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The Climate Emergency and the Election: A Pathway to WWII-Scale Mobilization


“Given all the obstacles encountered so far in just taking weak steps I don’t understand why activists are making a big deal about a WWII-scale mobilization”

This activist (and very early TCM Mobilizer) I can only say that you have to shoot for the stars and be happy to end up with the moon.


“I guess this is the cynicism he mentions?”

Is it cynicism to expect that those who are deriving great wealth and power from the present system will not sign onto a mobilization to take all that away from them? Is it cynicism to expect Hillary will continue to behave in keeping with her long track record? Is it cynicism to expect that someone who can hardly write a piece that is persuasive even to progressives will succeed–in less than 90 days–in signing up the legions he hasn’t budged in the previous years he’s been working on this? Or is it simply realism? I’m actually fairly optimistic about our prospects, but my optimism is tethered to options which can feasibly be accomplished.

“There are always so many reasons to slap down the idealists”

There’s nothing wrong with an idealism of values. That’s the foundation of a just society. But untethered and irrational idealism, on the other hand, can actually be counterproductive and even dangerous. And ultimately, the best reason for slapping down that which is irrational is for the sake of reason itself.

“they’re such unrealistic idealists after all, they’ll never succeed.”

Their odds of success are certainly going to plummet if they let themselves become detached from reality.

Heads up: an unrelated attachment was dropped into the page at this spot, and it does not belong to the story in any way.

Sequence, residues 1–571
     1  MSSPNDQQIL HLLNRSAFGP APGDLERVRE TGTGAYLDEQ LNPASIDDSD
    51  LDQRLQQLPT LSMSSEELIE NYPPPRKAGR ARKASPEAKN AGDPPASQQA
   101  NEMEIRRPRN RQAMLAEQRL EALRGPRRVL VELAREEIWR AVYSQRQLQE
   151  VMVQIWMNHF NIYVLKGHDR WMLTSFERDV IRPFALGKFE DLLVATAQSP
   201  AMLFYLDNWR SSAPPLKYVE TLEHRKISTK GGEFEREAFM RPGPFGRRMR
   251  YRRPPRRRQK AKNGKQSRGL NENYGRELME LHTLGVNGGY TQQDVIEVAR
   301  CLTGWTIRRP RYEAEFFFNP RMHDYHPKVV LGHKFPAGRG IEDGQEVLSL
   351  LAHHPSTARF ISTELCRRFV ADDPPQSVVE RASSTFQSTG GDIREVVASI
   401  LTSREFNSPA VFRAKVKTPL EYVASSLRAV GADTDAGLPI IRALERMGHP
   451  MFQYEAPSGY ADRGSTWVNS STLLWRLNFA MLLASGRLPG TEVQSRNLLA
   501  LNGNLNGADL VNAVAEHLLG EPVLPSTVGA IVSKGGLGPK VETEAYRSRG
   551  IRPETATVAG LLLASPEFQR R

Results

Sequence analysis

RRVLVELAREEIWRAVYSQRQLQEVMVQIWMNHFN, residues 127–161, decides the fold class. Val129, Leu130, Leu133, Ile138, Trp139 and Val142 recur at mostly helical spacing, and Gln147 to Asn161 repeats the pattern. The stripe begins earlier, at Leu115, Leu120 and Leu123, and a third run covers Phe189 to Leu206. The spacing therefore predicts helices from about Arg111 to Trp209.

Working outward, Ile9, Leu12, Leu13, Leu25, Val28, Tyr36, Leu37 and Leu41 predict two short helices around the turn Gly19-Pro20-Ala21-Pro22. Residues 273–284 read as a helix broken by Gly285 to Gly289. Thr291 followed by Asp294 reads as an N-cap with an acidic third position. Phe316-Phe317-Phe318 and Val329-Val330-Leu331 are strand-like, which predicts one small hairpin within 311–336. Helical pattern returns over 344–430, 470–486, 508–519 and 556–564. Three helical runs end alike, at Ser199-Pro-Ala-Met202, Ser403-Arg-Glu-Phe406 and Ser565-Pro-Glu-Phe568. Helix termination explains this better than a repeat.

“I have been pretty disgusted with the put-downs this article has received by the supposedly sophisticated CD audience.”

In the marketplace of ideas, your feelings of disgust are irrelevant. But if you think you can make a stronger case than the comments you disagree with, by all means, have at it. That would be a productive contribution.

“I work with young people, many of whom are activists. We need to continue encouraging them, not shrug and turn away.”

We should not be encouraging them to do things they have no chance of success at. We should be encouraging them to learn how to think critically, do evaluations, and to understand that some options are worse than others, and some options are simply so unworkable as to be doomed.

“As an aside, are you serious when you propose nuclear energy as a viable option?”

Improved and expanded nuclear, yes. Completely serious. Just like James Hansen.

“I suppose you are no living next to a nuclear waste dumping site.”

That would be a pretty safe assumption since extremely few people do. And with nuclear power, the only waste which has potentially serious dispersal potential is in the spent fuel, which isn’t in dump sites but kept in casks–with a much tinier profile and a far better record of containment than the toxins from most other energy industries. But the current repository of nuclear spent fuel is one of the reasons I support the development of better nuclear, including both reactors which have a much smaller waste profile and reactors which can consume the existing stockpiles of spent fuel (along with bomb fuel and depleted uranium).

And dozens of teams are working these better reactors right now. All of their approaches are viable and solidly grounded in physics and engineering, but it’s too early to say yet which approach will be the cheapest and the strongest competitor against fossil fuels. Several look like they have good prospects for success in that regard, but just one would be enough to precipitate an energy revolution. And unlike the spectacularly improbable global social, cultural, political, and economic revolution the greens say we need to have, economics-driven technology revolutions are comparatively easy, common, self-propagating, and work within pretty much any kind of economy. I see a lot of reason for optimism in that.


“…of the country’s biggest 20 metro areas by population, at least part of 14 of them lies within 50 miles of a nuclear plant. Overall, about a third of Americans live within one of the 50-mile radiuses. If you’re reading this article somewhere in the U.S., there’s a good chance that a nuclear plant is relatively close by.”